The director-general of the World Health Organization, Margaret Chan, has closed the agency's annual conference with a warning that nations must remain vigilant and be prepared for a possible swine influenza A-H1N1 virus pandemic. She intimated that she would not be rushed into raising the international pandemic alert level from phase five to phase six. WHO reports at least 11,000 cases, including 86 deaths from 42 countries.
As the number of cases and deaths from the H1N1 Influenza A virus increases, countries are becoming noticeably more anxious. During the assembly many countries urged WHO's chief, Margaret Chan, to declare the so-called swine flu a pandemic.
In resisting these calls, she noted that phases 5 and 6 are virtually identical in demanding that countries take action to intensify their preparations for a possible pandemic. In her closing remarks, she promised the 193 member-states she would be flexible in her approach and acknowledged the new H1N1 virus was the world's most pressing health concern.
"For the first time in history, we are watching the conditions conducive for the start of a pandemic unfold before our eyes. On the one hand, this gives us an unprecedented opportunity. The world is alert and on guard as never before. On the other hand, this gives us a dilemma. Scientists, clinicians, and epidemiologists are capturing abundant signals," Chan said.
But, Chan said scientists do not yet know how to interpret these signals with certainty, and many questions about the evolution of the virus remain unanswered. Nevertheless, some things are known.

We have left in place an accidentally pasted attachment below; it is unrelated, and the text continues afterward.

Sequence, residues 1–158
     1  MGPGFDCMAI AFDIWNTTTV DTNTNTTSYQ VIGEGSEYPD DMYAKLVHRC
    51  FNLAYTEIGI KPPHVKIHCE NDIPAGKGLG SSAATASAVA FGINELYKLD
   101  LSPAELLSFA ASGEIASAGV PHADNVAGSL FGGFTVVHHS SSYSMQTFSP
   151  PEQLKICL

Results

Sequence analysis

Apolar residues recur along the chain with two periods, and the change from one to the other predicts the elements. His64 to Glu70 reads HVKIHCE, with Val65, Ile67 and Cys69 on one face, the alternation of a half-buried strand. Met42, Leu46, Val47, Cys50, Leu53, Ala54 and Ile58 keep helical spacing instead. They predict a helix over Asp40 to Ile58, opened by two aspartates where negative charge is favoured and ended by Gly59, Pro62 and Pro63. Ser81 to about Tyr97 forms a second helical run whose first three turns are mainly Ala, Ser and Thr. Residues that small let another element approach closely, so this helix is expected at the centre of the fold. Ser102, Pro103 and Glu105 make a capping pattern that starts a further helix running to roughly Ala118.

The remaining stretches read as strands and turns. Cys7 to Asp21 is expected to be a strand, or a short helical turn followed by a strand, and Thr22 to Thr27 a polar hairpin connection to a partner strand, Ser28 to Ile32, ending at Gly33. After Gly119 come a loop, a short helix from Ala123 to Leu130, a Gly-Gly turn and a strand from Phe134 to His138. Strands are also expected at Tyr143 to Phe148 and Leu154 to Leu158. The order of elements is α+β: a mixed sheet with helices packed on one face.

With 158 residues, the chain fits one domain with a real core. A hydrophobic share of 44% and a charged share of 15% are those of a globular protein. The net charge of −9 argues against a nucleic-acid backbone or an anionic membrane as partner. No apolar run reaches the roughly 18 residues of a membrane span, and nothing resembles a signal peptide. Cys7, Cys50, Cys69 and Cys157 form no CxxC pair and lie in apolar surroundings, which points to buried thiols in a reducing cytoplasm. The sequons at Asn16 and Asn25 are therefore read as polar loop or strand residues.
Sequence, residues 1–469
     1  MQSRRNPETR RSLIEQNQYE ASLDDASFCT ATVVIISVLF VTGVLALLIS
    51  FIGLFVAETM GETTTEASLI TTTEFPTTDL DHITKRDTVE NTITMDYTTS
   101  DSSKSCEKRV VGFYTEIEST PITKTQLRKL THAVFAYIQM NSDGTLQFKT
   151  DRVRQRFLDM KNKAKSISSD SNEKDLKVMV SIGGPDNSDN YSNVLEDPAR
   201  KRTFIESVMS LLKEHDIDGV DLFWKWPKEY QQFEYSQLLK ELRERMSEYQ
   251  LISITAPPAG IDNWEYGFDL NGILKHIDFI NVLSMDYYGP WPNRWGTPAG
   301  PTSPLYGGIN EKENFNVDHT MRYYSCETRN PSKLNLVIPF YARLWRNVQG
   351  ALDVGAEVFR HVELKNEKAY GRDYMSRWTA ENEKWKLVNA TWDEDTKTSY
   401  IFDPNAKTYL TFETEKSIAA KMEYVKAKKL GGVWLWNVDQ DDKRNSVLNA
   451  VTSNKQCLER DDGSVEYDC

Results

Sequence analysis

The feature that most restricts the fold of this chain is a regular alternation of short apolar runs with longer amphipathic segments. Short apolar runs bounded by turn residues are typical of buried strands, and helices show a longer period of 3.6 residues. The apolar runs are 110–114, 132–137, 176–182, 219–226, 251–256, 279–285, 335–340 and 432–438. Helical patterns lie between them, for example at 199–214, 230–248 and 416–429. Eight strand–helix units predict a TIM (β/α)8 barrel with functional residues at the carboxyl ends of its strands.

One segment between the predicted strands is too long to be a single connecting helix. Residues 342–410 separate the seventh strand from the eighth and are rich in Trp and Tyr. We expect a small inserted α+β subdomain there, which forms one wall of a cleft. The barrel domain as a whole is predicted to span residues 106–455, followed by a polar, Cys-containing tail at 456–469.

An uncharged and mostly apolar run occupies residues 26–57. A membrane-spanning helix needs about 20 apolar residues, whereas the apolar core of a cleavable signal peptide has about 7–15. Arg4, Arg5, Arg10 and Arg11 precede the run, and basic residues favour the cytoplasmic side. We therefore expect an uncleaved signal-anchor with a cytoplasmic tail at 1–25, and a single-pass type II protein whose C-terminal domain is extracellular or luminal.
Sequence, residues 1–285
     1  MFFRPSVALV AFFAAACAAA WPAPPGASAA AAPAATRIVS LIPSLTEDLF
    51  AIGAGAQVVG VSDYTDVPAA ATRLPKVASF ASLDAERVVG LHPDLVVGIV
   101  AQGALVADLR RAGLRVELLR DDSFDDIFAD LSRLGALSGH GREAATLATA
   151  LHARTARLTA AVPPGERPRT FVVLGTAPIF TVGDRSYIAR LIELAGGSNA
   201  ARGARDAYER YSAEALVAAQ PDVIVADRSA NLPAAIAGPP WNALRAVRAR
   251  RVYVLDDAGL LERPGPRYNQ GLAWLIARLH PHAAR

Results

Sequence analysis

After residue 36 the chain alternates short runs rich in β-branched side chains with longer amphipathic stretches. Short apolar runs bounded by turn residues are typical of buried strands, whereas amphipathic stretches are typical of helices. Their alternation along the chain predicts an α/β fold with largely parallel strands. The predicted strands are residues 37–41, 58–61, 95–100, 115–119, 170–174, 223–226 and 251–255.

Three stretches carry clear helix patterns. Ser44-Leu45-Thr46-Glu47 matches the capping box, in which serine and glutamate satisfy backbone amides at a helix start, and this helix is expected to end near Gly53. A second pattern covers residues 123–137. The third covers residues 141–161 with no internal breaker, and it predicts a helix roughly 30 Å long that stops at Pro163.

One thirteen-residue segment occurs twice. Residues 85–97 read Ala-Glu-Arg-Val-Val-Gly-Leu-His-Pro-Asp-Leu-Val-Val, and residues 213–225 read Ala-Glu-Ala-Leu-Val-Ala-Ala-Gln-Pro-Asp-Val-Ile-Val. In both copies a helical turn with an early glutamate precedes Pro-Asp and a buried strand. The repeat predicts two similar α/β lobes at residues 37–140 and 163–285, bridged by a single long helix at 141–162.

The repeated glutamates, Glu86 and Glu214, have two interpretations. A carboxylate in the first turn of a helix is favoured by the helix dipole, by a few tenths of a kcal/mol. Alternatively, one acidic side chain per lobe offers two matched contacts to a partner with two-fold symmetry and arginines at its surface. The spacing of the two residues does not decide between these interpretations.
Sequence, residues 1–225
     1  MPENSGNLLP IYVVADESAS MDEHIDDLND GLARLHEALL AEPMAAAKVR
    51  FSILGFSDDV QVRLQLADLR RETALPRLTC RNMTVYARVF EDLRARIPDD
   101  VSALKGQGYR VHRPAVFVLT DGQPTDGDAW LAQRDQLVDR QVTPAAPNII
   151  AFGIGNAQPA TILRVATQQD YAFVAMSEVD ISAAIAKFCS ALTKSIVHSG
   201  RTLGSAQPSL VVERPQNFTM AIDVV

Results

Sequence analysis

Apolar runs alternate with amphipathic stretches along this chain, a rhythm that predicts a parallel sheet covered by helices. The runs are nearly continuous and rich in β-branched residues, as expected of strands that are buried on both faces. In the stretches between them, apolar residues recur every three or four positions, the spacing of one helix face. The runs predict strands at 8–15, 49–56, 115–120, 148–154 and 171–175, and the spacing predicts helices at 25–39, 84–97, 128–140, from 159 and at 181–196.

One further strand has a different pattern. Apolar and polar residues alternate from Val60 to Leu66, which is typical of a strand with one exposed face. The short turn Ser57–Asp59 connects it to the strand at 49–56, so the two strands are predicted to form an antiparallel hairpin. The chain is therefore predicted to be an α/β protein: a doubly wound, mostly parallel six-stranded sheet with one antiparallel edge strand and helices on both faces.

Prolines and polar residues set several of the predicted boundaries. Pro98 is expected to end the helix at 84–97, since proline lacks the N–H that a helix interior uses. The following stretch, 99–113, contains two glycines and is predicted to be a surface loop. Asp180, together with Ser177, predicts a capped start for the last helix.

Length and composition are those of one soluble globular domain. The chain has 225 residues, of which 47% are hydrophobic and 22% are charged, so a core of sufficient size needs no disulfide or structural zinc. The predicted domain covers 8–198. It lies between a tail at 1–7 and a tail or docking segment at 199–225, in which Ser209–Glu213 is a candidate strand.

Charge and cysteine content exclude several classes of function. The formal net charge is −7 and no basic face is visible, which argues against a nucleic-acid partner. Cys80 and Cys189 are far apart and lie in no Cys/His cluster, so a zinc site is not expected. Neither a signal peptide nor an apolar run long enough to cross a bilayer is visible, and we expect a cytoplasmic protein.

She said the virus is very contagious and it spreads quickly to new countries and within countries already affected. She called it a sneaky virus that is not easy to detect.
She said it is too early in the outbreak to make sweeping recommendations. She noted the new virus, thus far, has largely circulated in the Northern Hemisphere, where seasonal influenza is winding down.
"We need to watch the behavior of H1N1 very carefully as it encounters other influenza viruses circulating during the winter season in the Southern Hemisphere. The current winter season gives influenza viruses an opportunity to inter-mingle and possibly exchange their genetic material in unpredictable manners," she said.
The WHO Chief warned countries must expect to see more cases of severe and fatal infections. But, added she did not believe there would be any sudden and dramatic jump in severe illnesses and deaths.
She urged the developing countries to be on special alert for the onset of the disease as it begins circulating in the southern hemisphere. She said populations there are most vulnerable and preparations must be made for this.
She said the decision to declare an influenza pandemic is a responsibility and a duty that she takes very seriously.